For a Materialist Psychoanalysis Conference
University of Warwick, May 8-9, 2015
Confirmed Keynote Speakers:
Dina Al-Kassim (University of British Columbia)
John Fletcher (University of Warwick)
Daniel Katz and Christian Smith, Department of English and Comparative Literary Studies, University of Warwick
Call for Papers
The purpose of this conference is to consider the usefulness of psychoanalysis for political critique, as well as politically-oriented frameworks for reading cultural phenomena. Rather than view psychoanalysis as a transhistorical, universal paradigm for resolving the mysteries of the human in all their manifestations, the goal will be to explore how psychoanalytic inquiry provides a way into history, rather than an escape from it. In terms of the current global economic predicament, we hope to investigate how psychoanalysis can help us move beyond the limited “rational choice” theories of neo-liberal economics without replacing them with a potentially problematic form of socialist rationalism sometimes embraced by the left. How can we envisage an economically egalitarian, cooperative, and democratic society while acknowledging that the symptom and the unconscious are inexpugnable from all social constructions? How can psychoanalysis help us to respond to the historical lesson of the twentieth century in which so many explicitly Marxist experiments perpetuated relations of domination in other forms and spectacularly failed to produce the transformation of social relations which is anti-capitalism’s greatest promise?
The relationship between psychoanalysis and Marxism has been fraught with tension throughout its history. Some Marxists claim that psychoanalysis is not materialist. However, this assertion suffers from the undialectical assumption that psychoanalysis is a homogeneous system of thought. Nothing could be further from the truth. There are many strands of contending scholarship that fall under the umbrella term psychoanalysis. Some are more materialist than others. In fact, it is possible to imagine that psychoanalysis could be a tool for a critique of contradictions such as that between materialism and non-materialism. Similar to Marxism, psychoanalysis should provide the means for its own auto-critique.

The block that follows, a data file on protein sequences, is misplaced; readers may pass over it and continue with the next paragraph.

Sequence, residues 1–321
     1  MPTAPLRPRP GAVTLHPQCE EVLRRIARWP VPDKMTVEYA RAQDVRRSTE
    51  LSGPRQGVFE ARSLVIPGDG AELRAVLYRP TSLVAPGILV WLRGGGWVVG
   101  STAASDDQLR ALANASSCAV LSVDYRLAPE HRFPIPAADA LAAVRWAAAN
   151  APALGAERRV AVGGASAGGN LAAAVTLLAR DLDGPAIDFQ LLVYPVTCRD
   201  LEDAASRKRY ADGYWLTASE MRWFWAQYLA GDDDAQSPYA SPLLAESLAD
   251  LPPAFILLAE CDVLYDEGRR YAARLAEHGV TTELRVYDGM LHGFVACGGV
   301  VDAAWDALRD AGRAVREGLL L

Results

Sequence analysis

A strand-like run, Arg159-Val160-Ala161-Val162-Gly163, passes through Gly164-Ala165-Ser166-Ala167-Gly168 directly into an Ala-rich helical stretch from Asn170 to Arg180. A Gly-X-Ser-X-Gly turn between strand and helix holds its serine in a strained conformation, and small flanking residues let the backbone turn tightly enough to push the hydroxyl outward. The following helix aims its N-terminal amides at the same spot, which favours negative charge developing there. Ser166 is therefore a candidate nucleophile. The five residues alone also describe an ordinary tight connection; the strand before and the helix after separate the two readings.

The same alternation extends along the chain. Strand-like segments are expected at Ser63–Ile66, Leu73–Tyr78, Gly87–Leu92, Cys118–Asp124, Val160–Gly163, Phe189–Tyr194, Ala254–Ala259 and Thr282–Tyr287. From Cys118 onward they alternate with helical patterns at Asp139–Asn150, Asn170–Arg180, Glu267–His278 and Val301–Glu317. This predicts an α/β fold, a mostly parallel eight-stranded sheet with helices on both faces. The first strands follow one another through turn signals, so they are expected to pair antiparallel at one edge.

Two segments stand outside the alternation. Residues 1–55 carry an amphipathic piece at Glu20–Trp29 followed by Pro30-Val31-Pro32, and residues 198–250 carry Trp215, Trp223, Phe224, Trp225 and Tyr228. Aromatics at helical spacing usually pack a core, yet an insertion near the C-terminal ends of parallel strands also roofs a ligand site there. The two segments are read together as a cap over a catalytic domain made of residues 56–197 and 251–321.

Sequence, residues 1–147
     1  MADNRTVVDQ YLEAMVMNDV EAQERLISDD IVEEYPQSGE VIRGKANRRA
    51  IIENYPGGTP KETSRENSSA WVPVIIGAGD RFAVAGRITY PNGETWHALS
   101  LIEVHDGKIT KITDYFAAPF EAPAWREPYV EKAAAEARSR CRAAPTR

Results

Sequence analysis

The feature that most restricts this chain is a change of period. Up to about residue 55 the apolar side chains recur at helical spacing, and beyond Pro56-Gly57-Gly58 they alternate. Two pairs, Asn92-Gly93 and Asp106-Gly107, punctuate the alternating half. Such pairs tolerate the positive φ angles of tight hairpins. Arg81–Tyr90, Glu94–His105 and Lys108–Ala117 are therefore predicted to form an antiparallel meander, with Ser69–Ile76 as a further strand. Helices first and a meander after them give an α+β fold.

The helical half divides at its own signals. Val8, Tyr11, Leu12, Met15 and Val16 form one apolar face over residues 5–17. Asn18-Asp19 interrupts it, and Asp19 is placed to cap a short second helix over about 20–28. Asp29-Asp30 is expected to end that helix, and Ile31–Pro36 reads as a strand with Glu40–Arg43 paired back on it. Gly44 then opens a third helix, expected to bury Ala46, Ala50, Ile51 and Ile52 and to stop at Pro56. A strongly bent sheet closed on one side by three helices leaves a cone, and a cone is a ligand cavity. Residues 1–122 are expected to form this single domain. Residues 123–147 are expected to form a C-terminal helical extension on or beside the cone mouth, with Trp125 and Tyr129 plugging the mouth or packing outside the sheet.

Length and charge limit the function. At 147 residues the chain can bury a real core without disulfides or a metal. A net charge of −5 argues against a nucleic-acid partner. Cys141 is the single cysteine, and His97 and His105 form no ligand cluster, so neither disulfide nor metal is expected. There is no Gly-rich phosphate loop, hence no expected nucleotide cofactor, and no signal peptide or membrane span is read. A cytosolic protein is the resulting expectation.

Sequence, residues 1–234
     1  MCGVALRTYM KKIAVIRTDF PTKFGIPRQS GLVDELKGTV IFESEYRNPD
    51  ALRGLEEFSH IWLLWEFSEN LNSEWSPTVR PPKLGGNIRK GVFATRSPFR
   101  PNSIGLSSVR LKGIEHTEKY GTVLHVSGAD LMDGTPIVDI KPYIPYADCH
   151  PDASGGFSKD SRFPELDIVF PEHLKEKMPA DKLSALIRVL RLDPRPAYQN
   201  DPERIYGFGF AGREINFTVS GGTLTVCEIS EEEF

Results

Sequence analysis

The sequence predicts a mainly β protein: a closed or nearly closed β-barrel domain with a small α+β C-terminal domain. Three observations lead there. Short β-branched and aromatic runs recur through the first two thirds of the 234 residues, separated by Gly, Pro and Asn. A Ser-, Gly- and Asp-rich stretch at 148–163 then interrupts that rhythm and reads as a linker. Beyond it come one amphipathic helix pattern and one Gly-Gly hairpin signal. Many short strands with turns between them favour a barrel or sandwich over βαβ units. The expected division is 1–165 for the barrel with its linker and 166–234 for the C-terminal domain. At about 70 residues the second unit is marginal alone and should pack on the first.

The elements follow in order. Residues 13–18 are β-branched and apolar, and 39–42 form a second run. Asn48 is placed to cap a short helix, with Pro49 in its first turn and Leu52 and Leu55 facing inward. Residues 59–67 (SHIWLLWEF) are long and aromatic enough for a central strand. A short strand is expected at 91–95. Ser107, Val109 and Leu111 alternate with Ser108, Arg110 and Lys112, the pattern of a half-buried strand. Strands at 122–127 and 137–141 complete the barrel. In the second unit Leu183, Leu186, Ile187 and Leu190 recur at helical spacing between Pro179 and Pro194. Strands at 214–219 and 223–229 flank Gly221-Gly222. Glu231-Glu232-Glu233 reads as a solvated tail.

To investigate these broad questions, we intend to examine the history of joint articulations of psychoanaltyic and progressive thought—specifically Marxist—in the hopes of constructing new paradigms for progressive thinking and action. In particular, this conference calls for papers that explore or theorise psychoanalysis as a materialist practice. In this regard, we look forward to work on figures, groupings, and tendencies such as Surrealism, Reich, the Frankfurt School, the Situationists, the Lacanian-Althusserian nexus, schizoanalysis, queer studies, feminism, post-colonial studies, and Žižek, among many others. We would also welcome papers on the relationship between psychoanalysis as an institution and its own left-wing, including the relationship of Freud and his circle to radical politics in Vienna and beyond.
The conference will be comprised of two main components:
1. Conference papers (May 9). Please submit 300-400 word proposals for 30-minute papers to both firstname.lastname@example.org and Christian.Smith@warwick.ac.uk by December 15, 2014.
2. Post-Graduate Student Workshops (May 8, Chaired by Dr. Christian Smith, attended by keynote speakers). These workshops are open to doctoral students and postdoctoral researchers. Papers will be distributed to all before the conference for critical reading. The seminars will consist of short summaries of each paper’s main argument and discussion between participants. One of the conference’s keynote speakers will participate in each discussion. To be considered for this workshop, please send an abstract of approximately 300 words to Christian.Smith@warwick.ac.uk and email@example.com by December 15, 2014.